At the Hollywood-style awards ceremony last night for $3 million string theory and biomedical research prizes, it was announced that Yuri Milner and Mark Zuckerberg will now start funding something similar in mathematics, called the Breakthrough Prize in Mathematics. According to the New York Times:
Yuri Milner, the Russian entrepreneur, philanthropist and self-described “failed physicist” who made a splash two years ago when he began handing out lavish cash awards to scientists, announced Thursday that he was expanding the universe of his largess again: This time, he will begin handing out $3 million awards to mathematicians…
For the new math award, Mr. Milner and Mr. Zuckerberg, the co-sponsor of the math prize, will decide who gets the money, in consultation with experts. Mr. Milner declined to say how many mathematicians would be chosen, but there could be quite a number of windfalls in store: for the physics price, there were nine inaugural winners, and for the life sciences prize, there were 11.
I’ve written extensively about the “Fundamental Physics Prize” and what I see as the worst problem with it (heavily rewarding and propping up a failed research program). While many physicists are privately unhappy about this prize and its effects, few prominent ones are willing to speak publicly with their name attached, since this kind of mouthing-off could turn out to be personally extremely expensive. Ian Sample at the Guardian has a story today, which quotes a “prominent physicist who did not wish to be named”:
One prominent physicist who did not wish to be named said the huge sums of money could be used better: “The great philanthropists of the 19th and 20th centuries, like the Rockefellers and the Carnegies, did not create prizes – they created universities and research institutes that have enabled thousands of scientists to make great breakthroughs over the succeeding decades.
“By contrast, giving a prize has a negligible effect on the progress of science. A few already well-recognised people get enriched, but there is little value added in terms of the progress of science compared to the multiplier effect of creating new institutions for scientific research.”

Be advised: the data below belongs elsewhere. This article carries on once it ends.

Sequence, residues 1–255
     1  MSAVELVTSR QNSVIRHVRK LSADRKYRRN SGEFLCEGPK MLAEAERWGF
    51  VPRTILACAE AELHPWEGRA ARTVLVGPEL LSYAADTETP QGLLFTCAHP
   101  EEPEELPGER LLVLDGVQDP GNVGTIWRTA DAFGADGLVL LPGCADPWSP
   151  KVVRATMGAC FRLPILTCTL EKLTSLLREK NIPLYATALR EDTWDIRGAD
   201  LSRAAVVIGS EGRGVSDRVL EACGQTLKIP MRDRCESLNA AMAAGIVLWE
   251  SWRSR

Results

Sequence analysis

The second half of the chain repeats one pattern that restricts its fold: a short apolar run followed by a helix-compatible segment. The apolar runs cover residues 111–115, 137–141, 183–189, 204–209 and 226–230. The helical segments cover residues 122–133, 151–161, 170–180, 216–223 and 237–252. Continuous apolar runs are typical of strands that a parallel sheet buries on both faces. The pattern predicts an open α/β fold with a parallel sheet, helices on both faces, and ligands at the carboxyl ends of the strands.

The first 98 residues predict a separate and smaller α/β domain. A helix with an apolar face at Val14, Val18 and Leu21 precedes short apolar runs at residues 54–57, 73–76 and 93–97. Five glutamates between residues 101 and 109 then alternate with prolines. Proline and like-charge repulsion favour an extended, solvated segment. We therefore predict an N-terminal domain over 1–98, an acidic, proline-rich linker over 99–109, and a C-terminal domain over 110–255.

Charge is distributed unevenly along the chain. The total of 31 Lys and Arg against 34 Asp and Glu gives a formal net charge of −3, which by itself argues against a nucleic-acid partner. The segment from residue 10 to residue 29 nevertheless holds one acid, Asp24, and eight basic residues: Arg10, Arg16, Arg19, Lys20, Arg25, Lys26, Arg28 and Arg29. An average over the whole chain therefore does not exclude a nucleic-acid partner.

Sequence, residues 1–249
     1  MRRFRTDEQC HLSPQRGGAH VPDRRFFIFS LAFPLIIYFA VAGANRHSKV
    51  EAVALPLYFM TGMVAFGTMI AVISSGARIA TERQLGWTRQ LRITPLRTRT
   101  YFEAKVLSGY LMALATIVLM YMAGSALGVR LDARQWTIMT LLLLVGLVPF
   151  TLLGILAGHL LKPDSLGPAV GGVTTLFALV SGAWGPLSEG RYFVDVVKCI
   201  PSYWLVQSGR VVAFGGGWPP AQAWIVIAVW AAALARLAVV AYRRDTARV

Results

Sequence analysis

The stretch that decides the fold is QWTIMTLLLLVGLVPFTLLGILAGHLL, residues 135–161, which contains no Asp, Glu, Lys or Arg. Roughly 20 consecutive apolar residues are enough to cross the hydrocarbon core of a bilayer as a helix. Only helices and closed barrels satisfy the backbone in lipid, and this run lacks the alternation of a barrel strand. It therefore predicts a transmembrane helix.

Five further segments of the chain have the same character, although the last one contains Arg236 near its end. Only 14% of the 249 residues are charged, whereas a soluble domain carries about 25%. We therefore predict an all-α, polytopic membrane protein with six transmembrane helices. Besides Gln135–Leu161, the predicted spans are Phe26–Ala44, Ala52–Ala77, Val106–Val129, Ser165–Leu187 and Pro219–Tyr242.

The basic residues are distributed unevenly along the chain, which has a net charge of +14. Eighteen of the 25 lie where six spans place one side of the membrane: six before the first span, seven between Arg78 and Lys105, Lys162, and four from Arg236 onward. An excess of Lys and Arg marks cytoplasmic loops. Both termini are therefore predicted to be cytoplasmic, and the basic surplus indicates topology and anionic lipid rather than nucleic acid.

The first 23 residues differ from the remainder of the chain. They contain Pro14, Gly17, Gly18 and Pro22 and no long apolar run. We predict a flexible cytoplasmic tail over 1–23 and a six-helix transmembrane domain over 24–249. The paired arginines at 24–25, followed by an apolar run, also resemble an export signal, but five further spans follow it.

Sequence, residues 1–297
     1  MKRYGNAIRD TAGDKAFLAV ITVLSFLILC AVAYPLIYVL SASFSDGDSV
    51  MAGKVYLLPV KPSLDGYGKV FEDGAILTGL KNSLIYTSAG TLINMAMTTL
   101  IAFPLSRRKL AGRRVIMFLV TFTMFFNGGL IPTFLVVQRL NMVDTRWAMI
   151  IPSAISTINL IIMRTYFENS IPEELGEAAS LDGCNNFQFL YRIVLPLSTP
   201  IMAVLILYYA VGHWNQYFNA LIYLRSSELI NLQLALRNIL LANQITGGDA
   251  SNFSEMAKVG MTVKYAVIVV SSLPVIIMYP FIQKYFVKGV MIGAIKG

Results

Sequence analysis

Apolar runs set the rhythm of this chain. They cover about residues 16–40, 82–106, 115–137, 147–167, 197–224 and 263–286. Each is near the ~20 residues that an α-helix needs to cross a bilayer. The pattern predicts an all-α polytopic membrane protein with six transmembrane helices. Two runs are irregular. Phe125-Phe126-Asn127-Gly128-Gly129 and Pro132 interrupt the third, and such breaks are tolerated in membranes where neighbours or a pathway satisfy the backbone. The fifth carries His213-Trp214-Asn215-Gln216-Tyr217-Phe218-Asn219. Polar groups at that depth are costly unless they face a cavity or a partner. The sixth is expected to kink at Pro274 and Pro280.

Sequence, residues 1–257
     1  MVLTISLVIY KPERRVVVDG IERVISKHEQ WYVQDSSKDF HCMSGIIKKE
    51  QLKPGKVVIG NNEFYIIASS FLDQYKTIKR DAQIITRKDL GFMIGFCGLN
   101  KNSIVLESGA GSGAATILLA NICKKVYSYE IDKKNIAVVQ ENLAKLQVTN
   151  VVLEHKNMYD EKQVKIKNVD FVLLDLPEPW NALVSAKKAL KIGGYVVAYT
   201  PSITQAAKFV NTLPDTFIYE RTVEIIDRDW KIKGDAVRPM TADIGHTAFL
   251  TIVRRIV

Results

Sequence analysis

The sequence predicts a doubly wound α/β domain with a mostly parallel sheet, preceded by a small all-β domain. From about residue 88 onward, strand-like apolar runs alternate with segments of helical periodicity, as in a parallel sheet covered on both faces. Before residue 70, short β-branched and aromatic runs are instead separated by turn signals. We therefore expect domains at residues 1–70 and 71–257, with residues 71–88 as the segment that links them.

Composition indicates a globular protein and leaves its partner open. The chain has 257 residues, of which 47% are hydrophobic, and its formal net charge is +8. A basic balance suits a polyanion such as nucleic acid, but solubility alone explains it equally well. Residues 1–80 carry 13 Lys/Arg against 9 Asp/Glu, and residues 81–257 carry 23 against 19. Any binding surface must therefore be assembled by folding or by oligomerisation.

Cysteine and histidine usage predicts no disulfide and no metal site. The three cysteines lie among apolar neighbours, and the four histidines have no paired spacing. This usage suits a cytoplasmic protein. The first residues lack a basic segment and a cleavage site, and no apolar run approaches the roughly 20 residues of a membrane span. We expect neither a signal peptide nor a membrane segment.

The Guardian does quote one critic by name, but it’s just the usual one.
The physics prize has turned out to be extremely narrowly targeted at one particular subfield of physics, and from what little I know of the life sciences, the prizes in that area seem to be also narrowly targeted (US biomedical research aimed at curing diseases that most afflict those in the developed world). I’m highly ignorant about life sciences research, but it seems striking that the 6 $3 million winners in this field were all men.
I have no idea how Milner and Zuckerberg will go about choosing the $3 million winners in mathematics, and whether this new prize will end up being narrowly targeted to a certain sort of mathematics research. If so, it may have very significant effects on what kinds of mathematics get done. Based on the other prizes, it seems likely that the winners will be mostly prominent US academics, people already well-rewarded by the current academic star system. I don’t see any reason to believe that these kinds of financial awards will allow such mathematicians to do work they wouldn’t otherwise do, so the main argument for the prizes is that the money (and Academy Awards-style ceremonies) will help make them celebrities, and that this is a good thing. One can predict that public criticism from prominent US academics may be rather muted once the checks start coming.
Even if the Milner-Zuckerberg prize does end up focused on the best mathematics research, I still think the whole concept is problematic. The US today is increasingly dominated by a grotesque winner-take-all culture that values wealth and celebrity above all else. While mathematics research, like the rest of academia, has been affected as a star system has become increasingly part of the picture, this field has been somewhat immune to celebrity culture. While people typically think that what mathematicians do is perfectly respectable, they don’t understand much about it and aren’t especially interested. Milner and Zuckerberg want to change this by turning mathematicians into celebrities, but I don’t see any reason to believe this is going to lead to better mathematics.
Update: Here’s the statement from Milner about the planned mathematics prize:
Yuri Milner said: “Einstein said, Pure mathematics is the poetry of logical ideas. It is in this spirit that Mark and myself are announcing a new Breakthrough Prize in Mathematics. The work that the Prize recognizes could be the foundation for genetic engineering, quantum computing or Artificial Intelligence; but above all, for human knowledge itself.”